Americans seem uncommonly uncomfortable discussing our own class struggles. But, boy, do we love to watch the Brits do it. I think that's one reason the inspiring and joyful Dark Horse is such an appealing film.

Undergirded by a stark realism, the Louise Osmond (Deep Water) documentary tells the story of Dream Alliance, a racehorse raised by a syndicate of 23 working-class men and women from a depressed Welsh mining town.

An underdog's underdog, the thoroughbred mare was bred by a barmaid whose only prior experience was with race pigeons. Dream Alliance and her owners were ignored by the hoity-toity racing world - until she won several midsize local races.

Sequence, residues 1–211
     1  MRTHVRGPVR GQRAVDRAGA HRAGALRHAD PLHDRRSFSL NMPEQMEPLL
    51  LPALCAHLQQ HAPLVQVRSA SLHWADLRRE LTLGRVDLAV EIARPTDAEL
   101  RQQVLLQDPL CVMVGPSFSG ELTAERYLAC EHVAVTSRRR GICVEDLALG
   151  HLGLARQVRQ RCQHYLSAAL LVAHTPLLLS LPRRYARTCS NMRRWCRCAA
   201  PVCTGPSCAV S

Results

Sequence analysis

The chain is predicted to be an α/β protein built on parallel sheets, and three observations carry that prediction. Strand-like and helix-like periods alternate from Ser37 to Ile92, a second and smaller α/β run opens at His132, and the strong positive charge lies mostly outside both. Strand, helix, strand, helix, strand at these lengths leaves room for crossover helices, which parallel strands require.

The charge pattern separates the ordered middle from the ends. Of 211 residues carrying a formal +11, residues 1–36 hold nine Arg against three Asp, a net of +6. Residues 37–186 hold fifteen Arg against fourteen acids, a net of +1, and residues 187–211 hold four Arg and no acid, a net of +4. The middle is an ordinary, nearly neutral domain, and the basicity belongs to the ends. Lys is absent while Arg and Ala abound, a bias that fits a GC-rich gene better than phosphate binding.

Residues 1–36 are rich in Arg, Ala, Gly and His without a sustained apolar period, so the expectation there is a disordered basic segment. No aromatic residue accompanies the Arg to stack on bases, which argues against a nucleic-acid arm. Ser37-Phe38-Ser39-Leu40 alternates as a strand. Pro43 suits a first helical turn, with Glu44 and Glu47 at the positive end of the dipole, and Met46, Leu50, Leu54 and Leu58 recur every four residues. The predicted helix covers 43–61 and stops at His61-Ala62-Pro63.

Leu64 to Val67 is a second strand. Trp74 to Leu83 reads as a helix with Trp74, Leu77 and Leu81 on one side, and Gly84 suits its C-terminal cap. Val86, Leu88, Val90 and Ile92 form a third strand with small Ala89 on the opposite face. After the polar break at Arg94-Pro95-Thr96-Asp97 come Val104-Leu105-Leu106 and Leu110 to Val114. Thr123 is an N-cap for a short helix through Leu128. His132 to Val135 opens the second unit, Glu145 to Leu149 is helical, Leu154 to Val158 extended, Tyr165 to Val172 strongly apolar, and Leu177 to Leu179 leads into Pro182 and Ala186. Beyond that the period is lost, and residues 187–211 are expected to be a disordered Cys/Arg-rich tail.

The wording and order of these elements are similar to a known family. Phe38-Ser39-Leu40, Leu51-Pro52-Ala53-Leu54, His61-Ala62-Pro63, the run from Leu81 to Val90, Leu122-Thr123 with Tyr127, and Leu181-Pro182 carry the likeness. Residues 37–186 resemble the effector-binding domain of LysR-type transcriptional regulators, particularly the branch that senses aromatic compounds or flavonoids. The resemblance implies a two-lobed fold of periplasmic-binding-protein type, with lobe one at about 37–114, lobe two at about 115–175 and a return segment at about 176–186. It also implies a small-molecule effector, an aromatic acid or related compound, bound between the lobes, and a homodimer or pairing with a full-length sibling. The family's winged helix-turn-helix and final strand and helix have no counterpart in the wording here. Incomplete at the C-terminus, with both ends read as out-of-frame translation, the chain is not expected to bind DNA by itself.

Dark Horse is at its best when it allows members of the syndicate to share their life stories. They speak lovingly of the mare, which became a symbol of hope for their impoverished region. They boast proudly of how she bounced back after a major injury for the 2009 Welsh National.

Dream Alliance and her friends - one can hardly call them owners - are now retired from the world of racing. Yet the camaraderie and love that binds them resonates.

tirdad@phillynews.com
215-854-2736

MOVIE REVIEW

Dark Horse

3 stars (Out of four stars)

Directed by Louise Osmond. Distributed by Sony Pictures Classics.

Running time: 1 hour, 25 mins.

Parent's guide: PG (some mild thematic elements and profanity).

Playing at: Ritz at the Bourse.